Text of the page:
The "Noisy Sphere": Sonic Geographies in the Era of Globalization
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While many geographers have studied the role of music and sound in the construction of space, place, and identity, very few have studied noise as a political player in systems of governance (exceptions: Matless 2002; Connell & Gibson 2004; Saldahna 2005; and Revill 2013), and none have examined noise’s function in the social reproduction of capitalism. This thesis develops a method for studying noise in both of these capacities. In particular, I look at how noise is conceived and implemented in several different artifacts, including an ethnography on noise in the English hospice (Chapter 2), US legislation on noise control (Chapter 3), noise complaints from Seattle residents (Chapter 4), and the scientific practices and technologies used in measuring the “soundscape”(Chapter 5). My analysis of these “sonic worlds” focuses on the ways in which the treatment of noise reinforces, obscures, and challenges dominant social relations. In all my sources, I find a general shift around 1970, not only in how noise figures within the logics of governance but also in assumptions of ontology. For a range of histories and geographies, noise helps trace the emergence of an ideology that Alain Badiou (2013a) calls “democratic materialism.” I explore the political consequences of this ideology in the context of each “sonic world”—how it is constructed, in part, through sound and how it works to obscure relations of domination under global capitalism. In the end, I offer some (sonic) strategies of resistance for how we might use sound to map the possibilities of a ruptural present.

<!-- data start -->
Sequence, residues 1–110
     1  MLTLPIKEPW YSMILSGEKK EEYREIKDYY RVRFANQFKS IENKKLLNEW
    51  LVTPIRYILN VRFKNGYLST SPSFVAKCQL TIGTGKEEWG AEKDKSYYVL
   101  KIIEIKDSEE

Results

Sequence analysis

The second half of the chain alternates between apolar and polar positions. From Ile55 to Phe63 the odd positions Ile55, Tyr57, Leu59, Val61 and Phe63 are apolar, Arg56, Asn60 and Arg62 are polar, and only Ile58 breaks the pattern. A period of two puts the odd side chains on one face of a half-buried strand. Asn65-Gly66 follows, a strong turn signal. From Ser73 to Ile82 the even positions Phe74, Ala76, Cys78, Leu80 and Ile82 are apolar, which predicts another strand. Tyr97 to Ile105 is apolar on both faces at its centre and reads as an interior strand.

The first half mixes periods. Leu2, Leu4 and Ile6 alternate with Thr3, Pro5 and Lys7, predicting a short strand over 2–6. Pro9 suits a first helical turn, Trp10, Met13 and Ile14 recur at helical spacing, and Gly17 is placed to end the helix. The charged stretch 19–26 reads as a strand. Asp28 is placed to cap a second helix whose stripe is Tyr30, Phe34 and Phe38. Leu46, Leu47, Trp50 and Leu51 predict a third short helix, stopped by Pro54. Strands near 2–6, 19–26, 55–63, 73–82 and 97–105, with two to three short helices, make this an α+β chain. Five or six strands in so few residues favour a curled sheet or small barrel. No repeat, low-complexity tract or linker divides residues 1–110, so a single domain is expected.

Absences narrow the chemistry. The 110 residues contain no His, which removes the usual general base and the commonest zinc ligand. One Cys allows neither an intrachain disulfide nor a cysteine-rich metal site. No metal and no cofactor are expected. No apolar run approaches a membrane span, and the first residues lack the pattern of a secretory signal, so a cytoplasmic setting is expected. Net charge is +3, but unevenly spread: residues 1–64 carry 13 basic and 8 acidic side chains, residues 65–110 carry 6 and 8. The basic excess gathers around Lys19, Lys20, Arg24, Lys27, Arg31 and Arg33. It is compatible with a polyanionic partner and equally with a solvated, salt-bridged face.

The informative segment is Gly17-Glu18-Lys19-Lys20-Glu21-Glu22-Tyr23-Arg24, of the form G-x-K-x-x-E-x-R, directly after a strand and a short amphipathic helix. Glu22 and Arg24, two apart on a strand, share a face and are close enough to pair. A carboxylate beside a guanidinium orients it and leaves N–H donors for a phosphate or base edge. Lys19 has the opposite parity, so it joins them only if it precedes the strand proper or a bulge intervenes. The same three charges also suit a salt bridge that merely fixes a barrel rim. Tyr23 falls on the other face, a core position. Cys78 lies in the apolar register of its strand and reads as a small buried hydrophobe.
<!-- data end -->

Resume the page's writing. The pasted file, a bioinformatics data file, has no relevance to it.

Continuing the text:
- Geography